2) H. Blaine Lawson, Jr. and Marie-Louise Michelson, "Spin Geometry",
Princeton U. Press, Princeton, 1989.
or
3) Dale Husemoller, "Fibre Bundles", Springer-Verlag, Berlin, 1994.
These books also describe some of the amazing consequences of this
periodicity phenomenon. The topology of n-dimensional manifolds is very
similar to the topology of (n+8)-dimensional manifolds in some subtle
but important ways! I should describe this "Bott periodicity" sometime,
but for now let me leave it as a tantalizing mystery.
I will also have to take a rain check when it comes to describing the
importance of Clifford algebras in physics... let me simply note that
they are crucial for understanding spin-1/2 particles. I talked a bit
about this in "week61".
The "Spin Geometry" book goes into a lot of detail on Clifford algebras,
spinors, the Dirac equation and more. The "Fibre Bundles" book
concentrates on the branch of topology called K-theory, and uses this
together with Clifford algebras to tackle various subtle questions, such
as how many linearly independent vector fields you can find on a sphere.
4) Ralph L. Cohen, John D. S. Jones, and Graeme B. Segal, Morse theory
and classifying spaces, preprint as of Sept. 13, 1991.
This is a nice way to think about what's really going on with Morse
theory. In Morse theory we study the topology of a compact Riemannian
manifold by putting a "Morse function" on it: a real-valued smooth
function with only nondegenerate critical points. The gradient of this
function defines a vector field and we use the way points flow along
this vector field to chop the manifold up into convenient pieces or
"cells". A while back, Witten discovered, or rediscovered, a very cute
way to compute a topological invariant called the "homology" of the
invariant using Morse theory. (I've heard that this was previously
known and then largely forgotten.)
Here the authors refine this construction. They cook up a category C
from the Morse function: the objects of C are critical points of the
Morse function, and the morphisms are piecewise gradient flow lines.
This is a topological category, meaning that for any pair of objects x
and y the morphisms in hom(x,y) form a topological space, and
composition is a continuous map. There is a standard recipe to
construct the "classifying space" of any topological category, invented
by Segal in the following paper:
5) Graeme B. Segal, Classifying spaces and spectral sequences, Pub. IHES 34
(1968), 105-112.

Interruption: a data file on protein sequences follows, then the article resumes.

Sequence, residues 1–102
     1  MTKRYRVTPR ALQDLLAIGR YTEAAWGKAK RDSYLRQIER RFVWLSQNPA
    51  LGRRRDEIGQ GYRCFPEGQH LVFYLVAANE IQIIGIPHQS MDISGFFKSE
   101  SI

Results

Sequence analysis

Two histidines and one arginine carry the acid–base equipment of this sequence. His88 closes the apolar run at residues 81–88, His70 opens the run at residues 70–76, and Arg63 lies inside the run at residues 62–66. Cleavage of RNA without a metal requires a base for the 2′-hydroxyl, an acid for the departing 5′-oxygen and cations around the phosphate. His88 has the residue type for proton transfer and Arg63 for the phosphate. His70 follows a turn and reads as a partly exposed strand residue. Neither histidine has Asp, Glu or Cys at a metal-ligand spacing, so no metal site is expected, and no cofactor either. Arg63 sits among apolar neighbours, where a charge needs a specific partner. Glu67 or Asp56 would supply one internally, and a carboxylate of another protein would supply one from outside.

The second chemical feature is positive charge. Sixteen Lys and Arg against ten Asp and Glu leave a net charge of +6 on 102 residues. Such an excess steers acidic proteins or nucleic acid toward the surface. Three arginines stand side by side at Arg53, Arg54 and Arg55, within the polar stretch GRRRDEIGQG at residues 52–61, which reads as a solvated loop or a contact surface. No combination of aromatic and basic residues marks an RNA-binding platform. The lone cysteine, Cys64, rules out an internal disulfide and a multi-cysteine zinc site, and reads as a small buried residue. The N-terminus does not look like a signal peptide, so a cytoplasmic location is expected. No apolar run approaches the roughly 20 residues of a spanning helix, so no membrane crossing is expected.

I described classifying spaces for discrete groups in "week70", and the
more general case of discrete groupoids in "week75". The construction
for topological categories is similar: we make a big space by sticking
in one point for each object, one edge for each morphism, one triangle
for each composable pair of morphisms:
y
/ \ f: x -> y
f g g: y -> z
/ \ fg: x -> z
x--fg---z
and so on. The only new trick is to make sure this space gets a
topology in the right way using the topologies on the spaces hom(x,y).
Anyway, if we form this classifying space from the topological
category C coming from the Morse function on our manifold M, we get a
space homotopic to M! In other words, for many topological purposes the
category C is just as good as the manifold M itself.
6) Ross Street, Descent theory, preprint of talks given at Oberwolfach,
Sept. 17-23, 1995.
Ross Street, Fusion operators and cocycloids in monoidal categories,
preprints.
Street is one of the gurus of n-category theory, which he notes "might
be called post-modern algebra (or even `post-modern mathematics' since
geometry and algebra are handled equally well by higher categories)."
His paper on "Descent theory" serves as a rapid introduction to
n-categories. But the real point of the paper is to explain the role
n-categories play in cohomology theory: in particular, how to do
cohomology with coefficients in an omega-category!
7) Viqar Husain, Intersecting-loop solutions of the hamiltonian constraint
of quantum general relativity, Nucl. Phys. B313 (1989), 711-724.
Viqar Husain and Karel V. Kuchar, General covariance, new variables,
and dynamics without dynamics, Phys. Rev. D 42 (1990), 4070-4077.
Viqar Husain, Einstein's equations and the chiral model, to appear in
Phys. Rev. D, preprint available as gr-qc/9602050.
Viqar is one of the excellent younger folks at the Center for
Gravitational Physics and Geometry at Penn State; I only had a bit of
time to speak with him during my last visit there, but I got some of his
papers. The first paper is from the good old days when folks were just
beginning to find explicit solutions of the constraints of quantum
gravity using the loop representation --- it's still worth reading! The
second introduced a field theory now called the Husain-Kuchar model,
which has the curious property of resembling gravity without the
dynamics. The third studies 4-dimensional general relativity assuming
there are two commuting spacelike Killing vector fields. Here he
reduces the theory to a 2-dimensional theory which appears to be completely
integrable --- though it has not been proved to be so in the sense of
admitting a complete set of Poisson-commuting conserved quantities.
8) The Interface of Knots and Physics, ed. Louis H. Kauffman, Proc.
Symp. Appl. Math. 51, American Mathematical Society, Providence, Rhode
Island, 1996.
This slim volume contains the proceedings of an AMS "short course" on
knots and physics held in San Francisco in January 1995, namely:
Louis H. Kauffman, Knots and statistical mechanics
Ruth J. Lawrence, An introduction to topological field theory
Dror Bar-Natan, Vassiliev and quantum invariants of braids
Samuel J. Lomonaco, The modern legacies of Thomson's atomic vortex
theory in classical electrodynamics
John C. Baez, Spin networks in nonperturbative quantum gravity